The Epistemology of Perception & the Perceptual Analogy Workshop
June 8 - June 9
Plato’s Theatetus identified knowledge with perception. While this identity claim may go too far, the two notions are intimately related. At the very least, perceiving that something is the case is a paradigm explanation of how one is positioned to know it is the case. We invoke this sort of paradigm not only in sense perception proper but in connection with domains traditionally taken to be far removed from the sensible, such as mathematics and linguistic comprehension. For almost any domain, we find it natural to use the language of “seeing” and “grasping” to describe epistemological achievements for that domain.
This conference addresses two sorts of questions about perception. The first sort of question concerns perceptual epistemology itself. We can see things, events, and properties, but also facts. How do these relate to one another, and what are their epistemological effects? What is the scope of perceptual knowledge? Can one literally see that someone is angry, that an act is cruel? Can one literally hear what someone means? What of epistemological interest hangs on questions of scope? How does seeing-that map on to distinctions between immediate and mediate knowledge, for instance?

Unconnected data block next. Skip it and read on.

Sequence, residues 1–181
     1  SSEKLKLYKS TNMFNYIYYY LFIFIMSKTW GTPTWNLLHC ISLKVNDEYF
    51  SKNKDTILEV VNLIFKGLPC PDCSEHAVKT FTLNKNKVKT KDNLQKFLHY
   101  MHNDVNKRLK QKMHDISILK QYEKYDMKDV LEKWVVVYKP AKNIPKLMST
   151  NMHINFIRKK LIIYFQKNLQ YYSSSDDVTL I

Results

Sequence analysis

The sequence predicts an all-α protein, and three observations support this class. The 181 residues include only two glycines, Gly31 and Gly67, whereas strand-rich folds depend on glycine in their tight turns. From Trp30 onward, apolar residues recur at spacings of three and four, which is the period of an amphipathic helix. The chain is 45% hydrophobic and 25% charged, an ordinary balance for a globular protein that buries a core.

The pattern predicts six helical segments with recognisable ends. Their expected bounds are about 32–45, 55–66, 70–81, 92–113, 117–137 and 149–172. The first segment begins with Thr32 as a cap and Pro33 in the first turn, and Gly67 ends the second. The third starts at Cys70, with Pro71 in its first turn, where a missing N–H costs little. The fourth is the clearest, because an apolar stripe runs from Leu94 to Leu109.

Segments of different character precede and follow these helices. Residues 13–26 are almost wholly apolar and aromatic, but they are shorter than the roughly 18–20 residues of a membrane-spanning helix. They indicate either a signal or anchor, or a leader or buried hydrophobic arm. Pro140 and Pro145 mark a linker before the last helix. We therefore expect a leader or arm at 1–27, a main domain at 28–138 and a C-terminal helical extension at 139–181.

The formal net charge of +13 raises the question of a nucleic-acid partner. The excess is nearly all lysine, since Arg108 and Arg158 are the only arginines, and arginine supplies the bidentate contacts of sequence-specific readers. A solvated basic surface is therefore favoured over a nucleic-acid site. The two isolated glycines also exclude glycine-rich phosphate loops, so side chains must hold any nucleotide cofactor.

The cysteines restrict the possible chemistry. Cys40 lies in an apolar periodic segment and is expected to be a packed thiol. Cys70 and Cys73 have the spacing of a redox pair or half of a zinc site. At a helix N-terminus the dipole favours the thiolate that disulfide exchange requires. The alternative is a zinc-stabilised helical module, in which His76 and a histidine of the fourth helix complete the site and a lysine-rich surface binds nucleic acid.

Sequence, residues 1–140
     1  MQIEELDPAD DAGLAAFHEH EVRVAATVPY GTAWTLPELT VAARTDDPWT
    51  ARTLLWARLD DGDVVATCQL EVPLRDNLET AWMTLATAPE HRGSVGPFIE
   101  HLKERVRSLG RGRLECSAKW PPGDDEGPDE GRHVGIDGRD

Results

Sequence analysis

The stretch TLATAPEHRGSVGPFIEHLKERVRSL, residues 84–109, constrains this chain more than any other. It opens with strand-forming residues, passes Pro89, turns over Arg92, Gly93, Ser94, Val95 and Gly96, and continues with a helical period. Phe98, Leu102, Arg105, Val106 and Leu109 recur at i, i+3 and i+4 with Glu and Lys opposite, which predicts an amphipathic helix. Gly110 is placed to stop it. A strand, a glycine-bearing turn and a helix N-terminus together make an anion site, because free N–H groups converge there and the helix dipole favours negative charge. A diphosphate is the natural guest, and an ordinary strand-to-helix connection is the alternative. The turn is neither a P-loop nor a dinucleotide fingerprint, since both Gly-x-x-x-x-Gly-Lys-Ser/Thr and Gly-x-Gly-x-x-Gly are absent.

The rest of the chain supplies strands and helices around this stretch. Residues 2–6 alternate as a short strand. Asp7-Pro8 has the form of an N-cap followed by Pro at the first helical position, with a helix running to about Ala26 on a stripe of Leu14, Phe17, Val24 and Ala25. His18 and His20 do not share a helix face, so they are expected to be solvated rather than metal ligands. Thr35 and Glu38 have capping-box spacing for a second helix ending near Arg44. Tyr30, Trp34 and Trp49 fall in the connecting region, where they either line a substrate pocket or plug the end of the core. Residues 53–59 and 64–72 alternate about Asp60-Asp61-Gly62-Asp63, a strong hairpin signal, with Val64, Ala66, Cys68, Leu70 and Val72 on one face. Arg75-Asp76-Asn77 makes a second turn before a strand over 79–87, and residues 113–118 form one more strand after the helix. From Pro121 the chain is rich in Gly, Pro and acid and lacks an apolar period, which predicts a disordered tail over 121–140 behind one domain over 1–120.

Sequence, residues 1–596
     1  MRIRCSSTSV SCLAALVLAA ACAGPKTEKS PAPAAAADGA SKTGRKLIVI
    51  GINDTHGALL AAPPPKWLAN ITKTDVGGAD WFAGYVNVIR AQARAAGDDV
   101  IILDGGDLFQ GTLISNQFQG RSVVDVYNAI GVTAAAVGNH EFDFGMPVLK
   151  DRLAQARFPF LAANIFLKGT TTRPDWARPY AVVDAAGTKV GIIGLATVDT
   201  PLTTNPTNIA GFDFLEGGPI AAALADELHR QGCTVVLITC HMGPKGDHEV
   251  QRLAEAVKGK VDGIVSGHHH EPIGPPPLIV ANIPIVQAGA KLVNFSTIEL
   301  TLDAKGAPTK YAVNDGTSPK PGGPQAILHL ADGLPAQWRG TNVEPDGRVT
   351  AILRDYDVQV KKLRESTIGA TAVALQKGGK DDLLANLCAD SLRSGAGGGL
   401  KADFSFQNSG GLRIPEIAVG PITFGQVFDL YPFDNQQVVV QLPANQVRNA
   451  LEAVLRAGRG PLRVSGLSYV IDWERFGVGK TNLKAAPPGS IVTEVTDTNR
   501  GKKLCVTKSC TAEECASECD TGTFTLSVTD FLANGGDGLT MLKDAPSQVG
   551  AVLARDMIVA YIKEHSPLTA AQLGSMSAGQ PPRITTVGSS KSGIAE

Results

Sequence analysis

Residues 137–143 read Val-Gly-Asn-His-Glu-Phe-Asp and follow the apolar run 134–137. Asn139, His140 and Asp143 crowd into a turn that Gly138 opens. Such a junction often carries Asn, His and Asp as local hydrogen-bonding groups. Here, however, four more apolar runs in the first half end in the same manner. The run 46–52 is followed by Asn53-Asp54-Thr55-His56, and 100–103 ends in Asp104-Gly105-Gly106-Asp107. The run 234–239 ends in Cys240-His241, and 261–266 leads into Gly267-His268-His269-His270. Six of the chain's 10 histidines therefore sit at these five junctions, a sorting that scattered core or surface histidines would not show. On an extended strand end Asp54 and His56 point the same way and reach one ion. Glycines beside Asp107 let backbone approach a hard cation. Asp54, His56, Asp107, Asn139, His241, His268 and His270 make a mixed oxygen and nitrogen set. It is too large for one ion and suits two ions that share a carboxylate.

The second sort of question the conference will address concerns perception as a model for the epistemology of other domains. Many theorists, from Locke and Kant to Armstrong and Lycan, have thought of introspection on the model of perception. More recently, there has been important work on whether intuition may be understood by analogy with sense perception. Is the analogy merely a useful heuristic, or is there really something in common between perceptual knowledge and these other forms of knowledge? Is there a principle subsuming the epistemology of perception and that of these other domains, e.g., that one is justified in believing that p when p is presented to one as true? Or are there sufficient differences between sense perception and introspection and intuition to spoil such a unifying approach?
Confirmed speakers: Bill Brewer (King’s College London); Kathrin Glüer-Pagin (Stockholm); Heather Logue (Leeds); Jack Lyons(Arkansas); Matthew McGrath (St Andrews/Missouri); Declan Smithies (Ohio State).
We are grateful to the Scots Philosophical Association and to the University of St Andrews for financial support.